The Comprehensive Annual Financial Report (CAFR) of new Montgomery County Auditor Rakesh Pandey, who clearly is seeking to work independently of politics unlike his terminated and disgraced predecessor Phyllis Martin, revealed an important recognition and restoration of the rights of Montgomery County citizens. As citizens and voters, citizens should appear at the top of the organizational chart of government.

Doyal, Riley, and Meador have worked very hard to exclude citizen oversight and input into government. They locked County offices, locked their own officers, ordered secrecy and slow cooperation with requests under the Texas Public Information Act, they ignored the provisions for the Texas Open Meetings Act, and even went so far as to separate the citizens from the organizational chart of the County government in the annual financial report, the CAFR.

In the CAFR for Fiscal Year 2017, Doyal, Riley, Meador, and the corrupt Martin included the following “organization chart” which shows the voters separated and apart from the remainder of the Montgomery County government with no connection thereto.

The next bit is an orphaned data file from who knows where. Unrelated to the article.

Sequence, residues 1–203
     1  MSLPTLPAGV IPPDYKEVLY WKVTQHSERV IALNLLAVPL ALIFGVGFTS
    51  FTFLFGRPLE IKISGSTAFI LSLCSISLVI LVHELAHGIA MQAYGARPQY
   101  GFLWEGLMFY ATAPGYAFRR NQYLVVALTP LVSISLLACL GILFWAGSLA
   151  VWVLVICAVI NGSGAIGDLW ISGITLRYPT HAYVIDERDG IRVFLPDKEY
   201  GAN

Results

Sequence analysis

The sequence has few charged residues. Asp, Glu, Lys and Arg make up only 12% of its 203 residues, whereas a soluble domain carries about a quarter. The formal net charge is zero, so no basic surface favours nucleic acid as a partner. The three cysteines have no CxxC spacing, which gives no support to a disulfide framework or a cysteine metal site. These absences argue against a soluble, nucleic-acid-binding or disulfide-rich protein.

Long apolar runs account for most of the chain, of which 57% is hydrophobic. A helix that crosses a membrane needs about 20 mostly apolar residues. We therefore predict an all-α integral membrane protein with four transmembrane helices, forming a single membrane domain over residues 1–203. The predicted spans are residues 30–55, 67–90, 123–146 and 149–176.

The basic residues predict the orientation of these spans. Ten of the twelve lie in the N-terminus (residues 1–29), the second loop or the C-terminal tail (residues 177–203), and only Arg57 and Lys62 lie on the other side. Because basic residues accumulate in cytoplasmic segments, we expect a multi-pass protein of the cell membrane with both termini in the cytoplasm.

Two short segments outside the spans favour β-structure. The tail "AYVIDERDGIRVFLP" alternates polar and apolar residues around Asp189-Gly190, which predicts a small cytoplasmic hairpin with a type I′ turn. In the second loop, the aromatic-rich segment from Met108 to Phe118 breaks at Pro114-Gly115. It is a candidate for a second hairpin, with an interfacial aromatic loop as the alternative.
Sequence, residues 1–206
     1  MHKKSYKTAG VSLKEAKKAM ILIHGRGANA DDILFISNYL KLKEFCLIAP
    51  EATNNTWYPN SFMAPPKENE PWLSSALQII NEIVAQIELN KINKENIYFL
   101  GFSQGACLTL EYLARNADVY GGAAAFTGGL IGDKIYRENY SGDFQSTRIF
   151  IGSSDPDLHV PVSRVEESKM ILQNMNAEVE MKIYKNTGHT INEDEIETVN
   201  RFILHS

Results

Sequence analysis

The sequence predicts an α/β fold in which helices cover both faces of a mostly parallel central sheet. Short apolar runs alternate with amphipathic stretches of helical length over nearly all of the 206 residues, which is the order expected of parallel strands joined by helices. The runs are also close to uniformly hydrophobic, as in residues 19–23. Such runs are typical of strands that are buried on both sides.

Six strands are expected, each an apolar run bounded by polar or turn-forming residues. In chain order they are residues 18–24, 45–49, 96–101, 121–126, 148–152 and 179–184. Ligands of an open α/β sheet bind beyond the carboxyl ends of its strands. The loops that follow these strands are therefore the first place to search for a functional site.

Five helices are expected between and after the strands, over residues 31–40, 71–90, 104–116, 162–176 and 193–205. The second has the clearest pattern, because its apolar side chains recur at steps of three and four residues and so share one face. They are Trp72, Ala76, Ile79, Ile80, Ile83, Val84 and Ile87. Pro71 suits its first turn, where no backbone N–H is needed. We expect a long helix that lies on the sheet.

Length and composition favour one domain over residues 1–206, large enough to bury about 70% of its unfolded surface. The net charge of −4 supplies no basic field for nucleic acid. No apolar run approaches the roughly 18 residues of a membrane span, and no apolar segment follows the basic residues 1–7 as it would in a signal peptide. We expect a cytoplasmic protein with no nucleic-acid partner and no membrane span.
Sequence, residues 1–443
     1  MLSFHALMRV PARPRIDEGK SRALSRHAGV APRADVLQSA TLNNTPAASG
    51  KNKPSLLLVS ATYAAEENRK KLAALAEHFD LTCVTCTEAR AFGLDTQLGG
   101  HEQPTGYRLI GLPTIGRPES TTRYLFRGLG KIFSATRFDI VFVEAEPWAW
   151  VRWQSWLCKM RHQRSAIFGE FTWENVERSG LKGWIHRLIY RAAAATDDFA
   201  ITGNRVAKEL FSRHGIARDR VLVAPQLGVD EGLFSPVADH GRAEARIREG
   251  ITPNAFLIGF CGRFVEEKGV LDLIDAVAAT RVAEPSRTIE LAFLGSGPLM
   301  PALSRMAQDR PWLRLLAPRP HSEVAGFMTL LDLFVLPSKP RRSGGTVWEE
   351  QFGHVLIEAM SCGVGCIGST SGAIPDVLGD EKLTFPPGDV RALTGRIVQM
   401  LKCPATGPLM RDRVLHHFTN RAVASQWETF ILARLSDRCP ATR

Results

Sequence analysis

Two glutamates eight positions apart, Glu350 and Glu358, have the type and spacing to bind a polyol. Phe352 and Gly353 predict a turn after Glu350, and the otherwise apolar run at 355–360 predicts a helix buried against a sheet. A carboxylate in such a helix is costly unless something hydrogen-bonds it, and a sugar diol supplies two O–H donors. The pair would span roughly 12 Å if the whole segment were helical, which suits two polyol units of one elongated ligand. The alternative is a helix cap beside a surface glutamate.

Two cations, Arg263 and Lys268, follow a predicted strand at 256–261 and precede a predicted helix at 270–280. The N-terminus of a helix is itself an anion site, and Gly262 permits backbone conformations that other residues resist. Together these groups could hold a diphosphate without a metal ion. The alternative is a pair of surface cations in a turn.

Comprehensive Annual Financial Report organization chart for Fiscal Year 2017, showing voters and citizens excised, separate, and apart from the County government. Source: Montgomery County Auditor Rakesh Pandey.

In the CAFR for Fiscal Year 2018, Keough, the “People’s County Judge,” and Pandey, who seems to work as a truly independent auditor, the organization chart” shows the citizens at the top of the chart with direct connection and oversight to the remainder of the elected servants and public servants who work for the citizens within the County government.

Comprehensive Annual Financial Report organization chart for Fiscal Year 2018, showing voters and citizens at the top of the County government, which is the American system of governance. Source: Montgomery County Auditor Rakesh Pandey.